9096 Views 7 Replies Latest reply: Mar 25, 2010 2:52 PM by Daniel Frankovitch
Very likely it would be the same type of graphics chip, hopefully one that is not defective. You can check in the System Profiler to see exactly what you have.
I have the infamous GeForce 8600M GT graphics card, and many of these have failed--evidently a manufacturing problem that affected a good many of them, but not all. So far mine has performed flawlessly.
When things are manufactured by the millions, it's possible that a few--or maybe more than a few--get past the inspection process and out into the world. Most of them will be good, and chances are your replacement chip will be.
I have the same issue with my MBP also. I don't know but i see more and more of this issue accruing every time I'm on here. I'm a bit lucky that they are repairing it for free even though i never purchased a Apple Care. hahaha. Whew lucky me!!
I took this article "Distorted Video or no Video issue" http://support.apple.com/kb/TS2377 and showed it to a Mac Guises and they were able to honor it. I had to take it to them twice for them to honor it though.
I was a bit disappointed that the first tech didn't offer me this repair when it was available for awhile now. I had to come on here and find that article myself and take it back in the 2nd time, .... this time showing them that same article and they were able to honor it.
I hope to get my back soon. I'm left in the cold without it.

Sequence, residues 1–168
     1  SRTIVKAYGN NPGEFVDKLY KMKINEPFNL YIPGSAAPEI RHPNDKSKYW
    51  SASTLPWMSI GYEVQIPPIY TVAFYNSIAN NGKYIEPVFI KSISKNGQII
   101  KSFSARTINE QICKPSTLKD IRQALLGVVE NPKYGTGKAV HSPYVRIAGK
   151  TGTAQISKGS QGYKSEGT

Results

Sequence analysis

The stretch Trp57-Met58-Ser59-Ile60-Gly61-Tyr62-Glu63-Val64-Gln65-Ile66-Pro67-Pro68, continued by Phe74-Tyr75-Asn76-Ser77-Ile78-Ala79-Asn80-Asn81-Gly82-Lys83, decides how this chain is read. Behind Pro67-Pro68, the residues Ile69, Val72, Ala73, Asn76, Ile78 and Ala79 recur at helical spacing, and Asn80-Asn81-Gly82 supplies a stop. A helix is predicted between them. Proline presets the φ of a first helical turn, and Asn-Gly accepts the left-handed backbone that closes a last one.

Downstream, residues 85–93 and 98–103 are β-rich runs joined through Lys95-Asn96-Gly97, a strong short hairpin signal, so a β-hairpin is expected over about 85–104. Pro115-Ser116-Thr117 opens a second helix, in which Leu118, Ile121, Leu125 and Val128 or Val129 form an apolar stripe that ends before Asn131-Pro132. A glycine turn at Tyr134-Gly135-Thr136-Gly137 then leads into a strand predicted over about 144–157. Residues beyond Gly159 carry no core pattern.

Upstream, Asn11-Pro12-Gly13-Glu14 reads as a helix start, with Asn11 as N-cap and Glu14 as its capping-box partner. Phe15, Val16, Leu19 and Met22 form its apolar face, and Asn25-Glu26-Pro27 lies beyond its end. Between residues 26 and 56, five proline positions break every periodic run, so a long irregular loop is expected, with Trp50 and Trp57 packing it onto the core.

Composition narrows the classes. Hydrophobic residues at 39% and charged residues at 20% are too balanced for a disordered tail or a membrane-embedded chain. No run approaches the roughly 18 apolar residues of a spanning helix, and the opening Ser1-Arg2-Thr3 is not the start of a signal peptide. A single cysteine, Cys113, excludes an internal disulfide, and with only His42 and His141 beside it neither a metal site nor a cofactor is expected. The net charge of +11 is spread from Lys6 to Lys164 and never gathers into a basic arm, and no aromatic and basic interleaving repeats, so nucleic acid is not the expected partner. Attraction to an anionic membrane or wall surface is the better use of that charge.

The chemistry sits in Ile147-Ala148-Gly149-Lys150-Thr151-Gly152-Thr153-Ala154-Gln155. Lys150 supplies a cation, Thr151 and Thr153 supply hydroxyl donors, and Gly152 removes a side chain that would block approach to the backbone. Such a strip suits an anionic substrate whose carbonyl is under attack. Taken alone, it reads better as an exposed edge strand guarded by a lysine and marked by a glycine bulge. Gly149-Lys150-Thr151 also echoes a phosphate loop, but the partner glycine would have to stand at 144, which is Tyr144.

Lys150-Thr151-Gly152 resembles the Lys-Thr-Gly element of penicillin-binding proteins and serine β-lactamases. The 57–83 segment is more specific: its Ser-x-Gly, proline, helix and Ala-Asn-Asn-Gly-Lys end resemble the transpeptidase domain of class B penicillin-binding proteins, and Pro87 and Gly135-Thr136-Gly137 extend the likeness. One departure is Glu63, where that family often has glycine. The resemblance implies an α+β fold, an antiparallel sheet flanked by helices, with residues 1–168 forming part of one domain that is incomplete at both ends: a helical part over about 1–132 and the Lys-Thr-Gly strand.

I hope those of you who are going through same thing, ... bring a copy of that article in and hopefully they can get yours fixed also.
I just want to use this computer long term...............what would I do?
As the nVidea 8600 failures often seem heat-related, I think the best path is to avoid situations that will overheat the MBP:
1) Don't block the case bottom during use. It's a big, important heat sink.
2) Don't block the exhaust vent under the display hinge.
3) If using an external monitor, leave the built-in display open. A lot of heat escapes through the key board.
4) Be circumspect about running games with intense 3D graphics. They can really run up the heat. Consider a chill pad under the computer if you just have to game.
I just went through this myself. Motherboard has been replaced and now both fans run @ 6,000 RPM. I have tried the resetting of the PRamm and no change. I like the fact the unit is now cool, but prior to this the fans only kicked into high speed when I would start when using demanding programs. Anyone know if this is the norm now or do I now need to fix the fans ???
CPU is running at 97 degrees.
Have you tried resetting the SMC , rather than just the PRAM, Sharkey-I? It is the SMC which actually controlls the fans. see http://support.apple.com/kb/HT3964 for instructions.
Your fans should NOT be running at 6000 PM all of the time after the changeover. If they are, and the SMC reset doesn't fix it, then take take the computer back to the place where you had it repaired. It is likely that a temperature sensor has come adrift, or wasn't properly connected, causing the computer do go into "failsafe" mode, with the fans blazing away at maximum revs.
The problem is with the video chip itself. Nvidia admitted that the 8600gt line had an on die (part of the chip's design) flaw that made the chips fail at a high rate. The replacement boards have the same chip, but they are supposed to be from a revised die, so the problem should be resolved. There are mixed reports on if they are fixed, but from one person I know with the problem has had no problems since the logic board was replaced.